New York jewellery designer Alexis Bittar relaunched his three-decade-old company in September 2021 after a five-year hiatus from its helm (he bought back his company from Brooks Brothers in 2020, having previously sold it to focus on raising his children). His return ushered in a whole new look for the business, including an expansion into home décor and accessories, plus several new stores. ‘I wanted to reconstruct the complete vision of the brand,’ he says. Five boutiques in New York and a sixth to follow in San Francisco have been designed in collaboration with Tony Award-winning theatrical designer Scott Pask.
Renowned for his stage set design, Pask has forayed into other arenas, such as exhibition design, including several at the New York Botanical Garden, as well as a fashion show for Bottega Veneta and even a dalliance into retail design with Bergdorf Goodman’s menswear boutique B Shop.
This is the first time Bittar and Pask have worked together. ‘I was watching the documentary on Studio 54, how Steve Rubell and Ian Schrager worked with Broadway set decorators to design the changing sets,’ says Brooklyn-born Bittar, who cites 1980s cult indie film ‘Liquid Sky, with traces of Sleep No More, Saw II and Black Mirror’ as inspirations for the store design. ‘It seemed like such a great marriage, bringing in a set designer who understood theatrics with the ability to look at retail in a new perspective and bring nuance.’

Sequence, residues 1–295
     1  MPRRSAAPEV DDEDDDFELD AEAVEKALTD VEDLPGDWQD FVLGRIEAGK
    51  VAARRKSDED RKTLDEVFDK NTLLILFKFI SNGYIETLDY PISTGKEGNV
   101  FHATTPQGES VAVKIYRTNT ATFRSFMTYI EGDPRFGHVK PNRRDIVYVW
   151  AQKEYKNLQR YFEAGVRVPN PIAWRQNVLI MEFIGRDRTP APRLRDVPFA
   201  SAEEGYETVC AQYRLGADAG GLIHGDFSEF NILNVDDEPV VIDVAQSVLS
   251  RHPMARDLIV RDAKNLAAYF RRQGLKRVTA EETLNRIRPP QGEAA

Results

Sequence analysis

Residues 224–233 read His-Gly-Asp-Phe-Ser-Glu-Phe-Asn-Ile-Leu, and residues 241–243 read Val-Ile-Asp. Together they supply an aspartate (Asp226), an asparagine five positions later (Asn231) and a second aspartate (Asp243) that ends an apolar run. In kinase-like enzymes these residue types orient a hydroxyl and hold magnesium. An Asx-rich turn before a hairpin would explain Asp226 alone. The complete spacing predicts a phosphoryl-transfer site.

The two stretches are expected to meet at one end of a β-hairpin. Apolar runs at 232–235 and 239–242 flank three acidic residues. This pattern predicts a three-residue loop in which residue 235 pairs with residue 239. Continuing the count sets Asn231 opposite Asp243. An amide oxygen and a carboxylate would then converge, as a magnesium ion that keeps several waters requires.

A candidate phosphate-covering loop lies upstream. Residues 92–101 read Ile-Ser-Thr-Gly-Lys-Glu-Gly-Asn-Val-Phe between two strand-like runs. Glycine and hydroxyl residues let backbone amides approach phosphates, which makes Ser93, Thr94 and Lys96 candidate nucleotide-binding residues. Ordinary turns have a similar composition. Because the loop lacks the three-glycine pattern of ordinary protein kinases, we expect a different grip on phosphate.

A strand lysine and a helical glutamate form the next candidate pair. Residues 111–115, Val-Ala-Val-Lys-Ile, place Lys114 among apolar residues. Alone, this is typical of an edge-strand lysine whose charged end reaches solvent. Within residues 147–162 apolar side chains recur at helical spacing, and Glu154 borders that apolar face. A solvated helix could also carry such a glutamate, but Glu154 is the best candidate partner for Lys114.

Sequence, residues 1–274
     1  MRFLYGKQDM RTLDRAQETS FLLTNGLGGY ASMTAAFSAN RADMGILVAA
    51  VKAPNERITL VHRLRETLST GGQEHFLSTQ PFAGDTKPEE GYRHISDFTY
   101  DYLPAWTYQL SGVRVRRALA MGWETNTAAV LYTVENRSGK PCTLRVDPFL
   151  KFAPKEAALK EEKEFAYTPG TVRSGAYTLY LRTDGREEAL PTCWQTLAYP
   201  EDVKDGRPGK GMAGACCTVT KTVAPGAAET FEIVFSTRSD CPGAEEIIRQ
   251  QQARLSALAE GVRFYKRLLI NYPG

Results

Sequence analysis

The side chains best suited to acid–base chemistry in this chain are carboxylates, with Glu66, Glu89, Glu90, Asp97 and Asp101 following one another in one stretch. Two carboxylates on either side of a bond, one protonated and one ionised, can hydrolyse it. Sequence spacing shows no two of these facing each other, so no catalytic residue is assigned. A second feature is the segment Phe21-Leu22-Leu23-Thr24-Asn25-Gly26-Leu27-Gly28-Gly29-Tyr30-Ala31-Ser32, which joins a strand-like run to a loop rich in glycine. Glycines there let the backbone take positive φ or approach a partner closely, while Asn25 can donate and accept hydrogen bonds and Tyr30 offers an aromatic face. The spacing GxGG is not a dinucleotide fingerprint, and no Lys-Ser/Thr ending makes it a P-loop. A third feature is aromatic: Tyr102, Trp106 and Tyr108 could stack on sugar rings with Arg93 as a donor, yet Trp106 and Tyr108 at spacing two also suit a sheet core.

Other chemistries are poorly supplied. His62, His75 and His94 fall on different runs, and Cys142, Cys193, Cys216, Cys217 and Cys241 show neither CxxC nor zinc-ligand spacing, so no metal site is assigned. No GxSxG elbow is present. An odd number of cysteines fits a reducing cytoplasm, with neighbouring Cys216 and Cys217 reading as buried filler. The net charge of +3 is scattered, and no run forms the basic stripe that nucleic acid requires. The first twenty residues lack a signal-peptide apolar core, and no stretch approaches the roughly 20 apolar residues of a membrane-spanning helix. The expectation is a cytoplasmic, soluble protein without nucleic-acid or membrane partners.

Alexis Bittar and Scott Pask on their store design
Wallpaper*: Alexis, how does the new look of your stores play into your rebrand?
Alexis Bittar: The stores are an integral part of the image of the company, and I wanted to make them more interesting for customers and myself. I fell in love with the idea of mixing eras. Fusing the idea of the abandoned institution from the 1970s with a slice of forward-thinking from the future. I like the feeling of the store not seeming perfect, that there’s chipped paint on the wall and the custom jewellery cases are on saw horses. The store gives an emotive sense of comfort and complexity.
Scott Pask: Every detail supports the overall concept for the retail environments – spaces captured and utilised in their states of decay, abandonment, and disrepair, along with retro-futuristic elements layered within each space.
W*: Why was it important for you to create this bricks-and-mortar, in-store experience for jewellery customers?
AB: Stores give the customer an immersive experience they can’t get online. I believe that once the pandemic subsides, people will want to come out of their turtle shells and explore in an effervescent way. I think customers want to see and experience new things in all the arts.
W*: What mood did you want to create in the stores?
SP: I always think it’s important to start with the desired goals for the atmosphere – what is unique about it, and what will engage customers, and intrigue them. I have designed architectural projects for myself – a home in Tucson, my New York apartment – and consulted on others, and I’m constantly interested in exploring the potential of building materials and processes to create and enhance a mood.
And I’m always interested in lighting, whether it’s natural or enhanced, its ability to transform a space throughout the day and evening, and how that can enhance one’s perception of a space.
W*: Are there items that you sourced or built that are your favourites? Are there different items in each store?